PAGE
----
"CAFC is responsible for bringing software patents to the United States in the first place."PTAB is not stupid (or corruptible or greedy like the USPTO), so almost every software patent that comes there will end up dead. The blog post "Corelogic, Inc. v. Boundary Solutions, Inc. (PTAB 2016)" says: "On May 24, 2016, the U.S. Patent Office Patent Trial and Appeal Board (PTAB) issued a decision denying institution of covered business method (CBM) patent review of U.S. Patent No. 7,092,957 owned by Boundary Solutions."

That's more of the same, obviously. Even Apple is now running to the PTAB, having found itself on the receiving end of abuses it's now so renowned for. To quote IAM: "Shortly after Smartflash won a $533 million infringement decision against Apple early last year this blog pointed out that the NPE [troll] was still unlikely to ultimately receive such a big payout. For one thing the Court of Appeals for the Federal Circuit (CAFC) has shown its predilection for over-ruling big district court awards, particularly from the Eastern District of Texas and particularly damages awarded to NPEs."

What's noteworthy here is that Apple, which uses software patents against Android (and by extension Linux) suddenly does not like them (because they're used against Apple) and resorts/retreats to PTAB for reprieve. How pathetic is this? Double standards all over this...

"What's noteworthy here is that Apple, which uses software patents against Android (and by extension Linux) suddenly does not like them (because they're used against Apple) and resorts/retreats to PTAB for reprieve."Regarding PTAB, also see MCM v HP Briefs. To quote Patently-O: "MCM-Petition-and-Appendix: (1) Whether inter partes review (IPR) violates Article III of the Constitution; and (2) whether IPR violates the Seventh Amendment to the Constitution. Response Due June 30, 2016."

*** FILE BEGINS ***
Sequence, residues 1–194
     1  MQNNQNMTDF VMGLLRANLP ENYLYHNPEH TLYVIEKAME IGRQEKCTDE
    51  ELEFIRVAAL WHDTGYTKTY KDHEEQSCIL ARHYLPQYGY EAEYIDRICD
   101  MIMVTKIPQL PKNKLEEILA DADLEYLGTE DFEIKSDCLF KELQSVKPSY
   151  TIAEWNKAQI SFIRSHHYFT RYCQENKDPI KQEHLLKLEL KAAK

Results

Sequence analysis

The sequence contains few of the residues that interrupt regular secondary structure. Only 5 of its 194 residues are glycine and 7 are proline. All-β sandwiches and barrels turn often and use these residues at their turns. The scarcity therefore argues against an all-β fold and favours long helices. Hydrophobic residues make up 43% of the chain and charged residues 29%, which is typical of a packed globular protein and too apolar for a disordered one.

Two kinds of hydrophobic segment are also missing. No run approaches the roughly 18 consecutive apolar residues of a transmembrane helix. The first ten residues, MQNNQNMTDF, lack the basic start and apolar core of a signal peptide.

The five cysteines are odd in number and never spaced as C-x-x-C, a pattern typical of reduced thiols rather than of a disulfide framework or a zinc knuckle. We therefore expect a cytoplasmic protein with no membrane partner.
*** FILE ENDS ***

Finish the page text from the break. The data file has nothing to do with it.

The inter partes reviews are carried out by PTAB, which we need a lot more of (the EPO equivalent, E/BoA, is being crushed by Battistelli these days).

Going back to Enfish v Microsoft, 3 weeks later patent lawyers still try to prop up this one single pro-software patents ruling. CoffyLaw published this promotional piece and Bastian Best is cherry-picking cases again, citing Michael Best who latches onto CAFC. Fish & Richardson PC, which we mentioned here many times before, also joins the opportunists with a so-called 'analysis' or comparison between Enfish and TLI (a case which soon after Enfish crushed software patents at the same court). Meanwhile, a Microsoft-connected patent lawyers firm (Shook Hardy and Bacon LLP) is trying to expand patent scope with a so-called 'analysis'. The common thing (or theme) here is that they only pay attention to what suits their agenda. It's not analysis, it's propaganda.

"The common thing (or theme) here is that they only pay attention to what suits their agenda. It's not analysis, it's propaganda."Owing to patent lawyers' hype and media saturation, Enfish v Microsoft is now widely known only for reinforcing software patents in the US. "Enfish Could Not Save Patents Asserted Against Nvidia," Patent Buddy wrote, citing this PDF. So obviously there's not much impact to Enfish v Microsoft after all.

Why does the media keep covering it like it's a groundbreaking decision? Here is the corporate media mentioning it almost a month later, stating: "The court wrote in Enfish, LLC v. Microsoft Corp that any “improvement to computer functionality itself” overcomes the abstract idea exception to patent eligibility that holds that what is abstract can't be patented." Yes, but how many similar cases were decided/ruled against software patents? Why are these being ignored? Selective attention? Or just propaganda dressed up as 'reporting'? These are rhetorical questions really.